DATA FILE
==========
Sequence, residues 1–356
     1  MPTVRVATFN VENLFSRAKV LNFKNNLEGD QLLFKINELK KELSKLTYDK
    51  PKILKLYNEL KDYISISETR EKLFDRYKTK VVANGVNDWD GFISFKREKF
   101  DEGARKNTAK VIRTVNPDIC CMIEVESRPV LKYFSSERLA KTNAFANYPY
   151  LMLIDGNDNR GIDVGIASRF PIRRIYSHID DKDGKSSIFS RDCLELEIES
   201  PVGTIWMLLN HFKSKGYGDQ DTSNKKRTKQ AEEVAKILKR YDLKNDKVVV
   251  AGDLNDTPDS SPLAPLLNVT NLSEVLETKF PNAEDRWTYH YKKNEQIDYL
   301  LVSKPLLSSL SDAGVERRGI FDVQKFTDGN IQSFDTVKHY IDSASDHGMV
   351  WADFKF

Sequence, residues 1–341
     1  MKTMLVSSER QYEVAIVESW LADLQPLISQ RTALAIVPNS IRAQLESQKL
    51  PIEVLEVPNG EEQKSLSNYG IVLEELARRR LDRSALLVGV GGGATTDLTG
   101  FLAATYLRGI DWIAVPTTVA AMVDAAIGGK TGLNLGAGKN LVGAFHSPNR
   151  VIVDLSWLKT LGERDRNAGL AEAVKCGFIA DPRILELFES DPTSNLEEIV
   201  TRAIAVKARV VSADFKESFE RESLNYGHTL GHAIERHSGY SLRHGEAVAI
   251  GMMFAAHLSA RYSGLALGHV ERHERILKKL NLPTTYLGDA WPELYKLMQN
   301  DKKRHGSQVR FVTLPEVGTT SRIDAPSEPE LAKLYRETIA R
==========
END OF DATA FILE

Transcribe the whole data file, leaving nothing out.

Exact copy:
Sequence, residues 1–356
     1  MPTVRVATFN VENLFSRAKV LNFKNNLEGD QLLFKINELK KELSKLTYDK
    51  PKILKLYNEL KDYISISETR EKLFDRYKTK VVANGVNDWD GFISFKREKF
   101  DEGARKNTAK VIRTVNPDIC CMIEVESRPV LKYFSSERLA KTNAFANYPY
   151  LMLIDGNDNR GIDVGIASRF PIRRIYSHID DKDGKSSIFS RDCLELEIES
   201  PVGTIWMLLN HFKSKGYGDQ DTSNKKRTKQ AEEVAKILKR YDLKNDKVVV
   251  AGDLNDTPDS SPLAPLLNVT NLSEVLETKF PNAEDRWTYH YKKNEQIDYL
   301  LVSKPLLSSL SDAGVERRGI FDVQKFTDGN IQSFDTVKHY IDSASDHGMV
   351  WADFKF

Sequence, residues 1–341
     1  MKTMLVSSER QYEVAIVESW LADLQPLISQ RTALAIVPNS IRAQLESQKL
    51  PIEVLEVPNG EEQKSLSNYG IVLEELARRR LDRSALLVGV GGGATTDLTG
   101  FLAATYLRGI DWIAVPTTVA AMVDAAIGGK TGLNLGAGKN LVGAFHSPNR
   151  VIVDLSWLKT LGERDRNAGL AEAVKCGFIA DPRILELFES DPTSNLEEIV
   201  TRAIAVKARV VSADFKESFE RESLNYGHTL GHAIERHSGY SLRHGEAVAI
   251  GMMFAAHLSA RYSGLALGHV ERHERILKKL NLPTTYLGDA WPELYKLMQN
   301  DKKRHGSQVR FVTLPEVGTT SRIDAPSEPE LAKLYRETIA R